CANBERRA: Although unable to travel to China himself due to Covid, Tony Carapetis, chief winemaker of Monteperle wines, greeted the Chinese people in a video that will be shown at the China International Import Expo (CIIE) from of this Friday.
“The CIIE has offered great opportunities to expand markets in China,” he told Xinhua.
Located in South Australia’s famous Barossa Valley wine region, Monteperle was a relatively young brand, founded in 2017. It is a small estate with an annual production of around 60,000 bottles.
It made its CIIE debut in 2019, the second year of the event, after the local government of South Australia encouraged businesses to attend.
“The scale of the event allows us to present our wines to as many interested people as possible.
The face-to-face contact allowed us to directly discuss our products, taste with potential customers and answer their questions without delay, ”said Carapetis.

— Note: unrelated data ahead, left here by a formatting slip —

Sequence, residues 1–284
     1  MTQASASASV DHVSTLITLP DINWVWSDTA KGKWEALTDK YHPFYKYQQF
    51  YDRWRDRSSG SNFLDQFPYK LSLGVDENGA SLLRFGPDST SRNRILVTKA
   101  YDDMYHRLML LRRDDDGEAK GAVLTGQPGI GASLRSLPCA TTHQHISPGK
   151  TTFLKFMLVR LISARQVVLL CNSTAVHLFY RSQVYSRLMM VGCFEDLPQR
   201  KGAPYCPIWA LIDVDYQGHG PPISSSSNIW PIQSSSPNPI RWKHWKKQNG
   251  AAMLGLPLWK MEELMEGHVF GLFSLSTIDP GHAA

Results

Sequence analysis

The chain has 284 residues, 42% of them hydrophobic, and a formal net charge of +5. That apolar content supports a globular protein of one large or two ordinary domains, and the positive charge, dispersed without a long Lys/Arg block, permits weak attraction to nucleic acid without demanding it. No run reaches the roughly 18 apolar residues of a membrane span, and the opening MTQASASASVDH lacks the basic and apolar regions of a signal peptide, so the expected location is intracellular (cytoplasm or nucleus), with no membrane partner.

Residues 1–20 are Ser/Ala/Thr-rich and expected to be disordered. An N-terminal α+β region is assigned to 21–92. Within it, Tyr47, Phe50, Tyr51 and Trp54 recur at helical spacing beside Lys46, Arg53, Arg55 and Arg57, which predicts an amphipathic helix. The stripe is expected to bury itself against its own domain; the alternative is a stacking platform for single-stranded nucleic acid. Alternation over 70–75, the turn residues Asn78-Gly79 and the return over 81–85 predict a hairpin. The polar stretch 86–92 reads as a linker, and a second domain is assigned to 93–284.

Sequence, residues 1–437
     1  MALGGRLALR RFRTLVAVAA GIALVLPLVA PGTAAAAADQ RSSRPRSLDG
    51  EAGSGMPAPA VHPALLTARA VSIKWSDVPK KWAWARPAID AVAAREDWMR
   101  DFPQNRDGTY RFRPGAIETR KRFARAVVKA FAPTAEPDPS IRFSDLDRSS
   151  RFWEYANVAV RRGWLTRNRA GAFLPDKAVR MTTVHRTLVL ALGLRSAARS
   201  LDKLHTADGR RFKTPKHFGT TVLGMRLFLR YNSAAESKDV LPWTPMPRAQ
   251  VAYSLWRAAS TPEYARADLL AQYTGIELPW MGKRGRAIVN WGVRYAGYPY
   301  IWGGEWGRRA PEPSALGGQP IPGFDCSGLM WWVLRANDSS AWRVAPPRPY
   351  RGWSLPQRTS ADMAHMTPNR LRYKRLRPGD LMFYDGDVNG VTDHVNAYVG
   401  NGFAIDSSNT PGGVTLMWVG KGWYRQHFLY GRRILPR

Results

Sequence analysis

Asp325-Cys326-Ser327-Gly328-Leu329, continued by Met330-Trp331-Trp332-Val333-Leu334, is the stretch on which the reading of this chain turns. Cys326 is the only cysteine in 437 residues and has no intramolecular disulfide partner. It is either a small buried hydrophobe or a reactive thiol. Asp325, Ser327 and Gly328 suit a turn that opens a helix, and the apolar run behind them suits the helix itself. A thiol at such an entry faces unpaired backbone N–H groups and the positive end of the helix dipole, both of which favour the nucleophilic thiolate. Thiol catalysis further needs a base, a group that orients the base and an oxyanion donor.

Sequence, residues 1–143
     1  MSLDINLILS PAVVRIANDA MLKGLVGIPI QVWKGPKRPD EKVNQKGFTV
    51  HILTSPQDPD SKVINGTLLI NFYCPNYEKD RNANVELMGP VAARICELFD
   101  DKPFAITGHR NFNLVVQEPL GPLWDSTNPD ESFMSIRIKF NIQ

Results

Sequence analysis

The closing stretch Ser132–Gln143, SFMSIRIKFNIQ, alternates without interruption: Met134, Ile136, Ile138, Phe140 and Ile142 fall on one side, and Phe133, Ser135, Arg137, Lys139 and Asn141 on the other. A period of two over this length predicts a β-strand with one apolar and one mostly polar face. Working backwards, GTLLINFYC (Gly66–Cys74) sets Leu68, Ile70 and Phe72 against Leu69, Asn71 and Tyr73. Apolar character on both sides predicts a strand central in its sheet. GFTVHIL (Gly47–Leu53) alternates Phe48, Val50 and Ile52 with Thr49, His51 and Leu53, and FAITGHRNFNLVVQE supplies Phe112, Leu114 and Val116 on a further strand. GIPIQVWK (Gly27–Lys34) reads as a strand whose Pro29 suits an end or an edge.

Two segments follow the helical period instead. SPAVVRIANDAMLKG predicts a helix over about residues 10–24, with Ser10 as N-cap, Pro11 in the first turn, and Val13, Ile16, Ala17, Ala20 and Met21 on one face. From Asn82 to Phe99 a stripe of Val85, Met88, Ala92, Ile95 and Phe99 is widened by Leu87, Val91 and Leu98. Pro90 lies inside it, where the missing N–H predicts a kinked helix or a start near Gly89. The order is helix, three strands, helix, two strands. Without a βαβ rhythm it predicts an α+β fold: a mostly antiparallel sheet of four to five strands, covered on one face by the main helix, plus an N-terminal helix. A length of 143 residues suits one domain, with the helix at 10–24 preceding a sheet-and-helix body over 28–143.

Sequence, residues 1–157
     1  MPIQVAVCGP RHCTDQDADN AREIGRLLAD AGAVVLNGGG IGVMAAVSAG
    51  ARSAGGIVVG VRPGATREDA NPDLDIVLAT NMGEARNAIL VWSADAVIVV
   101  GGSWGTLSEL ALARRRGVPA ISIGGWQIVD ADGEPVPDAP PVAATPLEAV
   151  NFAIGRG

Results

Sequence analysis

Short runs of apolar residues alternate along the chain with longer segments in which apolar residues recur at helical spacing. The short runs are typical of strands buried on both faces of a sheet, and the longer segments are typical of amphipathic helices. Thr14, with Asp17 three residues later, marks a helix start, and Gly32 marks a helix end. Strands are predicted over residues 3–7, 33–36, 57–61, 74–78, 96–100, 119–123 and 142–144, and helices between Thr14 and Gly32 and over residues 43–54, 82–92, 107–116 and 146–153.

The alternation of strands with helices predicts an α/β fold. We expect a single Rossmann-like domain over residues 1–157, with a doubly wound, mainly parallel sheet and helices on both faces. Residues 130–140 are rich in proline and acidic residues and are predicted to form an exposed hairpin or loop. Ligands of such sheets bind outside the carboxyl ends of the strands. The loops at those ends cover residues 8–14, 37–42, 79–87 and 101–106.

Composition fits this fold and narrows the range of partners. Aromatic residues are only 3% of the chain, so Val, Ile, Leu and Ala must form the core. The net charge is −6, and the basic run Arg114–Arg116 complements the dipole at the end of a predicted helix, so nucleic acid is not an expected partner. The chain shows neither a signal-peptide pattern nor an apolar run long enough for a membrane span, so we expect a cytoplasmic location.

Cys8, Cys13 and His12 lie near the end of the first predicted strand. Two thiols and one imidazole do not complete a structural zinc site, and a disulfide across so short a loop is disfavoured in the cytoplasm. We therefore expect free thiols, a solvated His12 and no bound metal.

“It also gave us the valuable feedback on our wines that we need,” he continued. “It helps us understand our markets and our customers to make sure we manufacture the products that meet their requirements in terms of styles, varieties and price.”
According to Vivian Zhang, General Manager of Jia Yuan Hua Wines, owner of Monteperle, the CIIE is a bridge between China and the rest of the world where they have succeeded in making their brand known.
The previous events of the CIIE have brought them a hundred clients and potential clients.
As the standard of living of the Chinese people continued to increase, the demand for high-quality consumer products, such as wine, also increased.
“The Chinese market has enormous potential to tap into,” she said, adding that over the past few years, she knew other companies were also excited to go to CIIE.
“The CIIE is an important platform for people-to-people exchanges,” she said. “It strengthens the friendship between our two peoples and increases the understanding of Australians in China.”
Relations between China and Australia have collapsed in recent years, but Zhang saw it as temporary.
“The economies between China and Australia are complementary,” she said. “The relationship will return to normal sooner or later. After all, a strong and healthy relationship between the two countries benefits ordinary people.
Sometimes the owners of the Barossa Valley wineries get together and talk about the future, and Zhang said they still have hope for the Chinese market.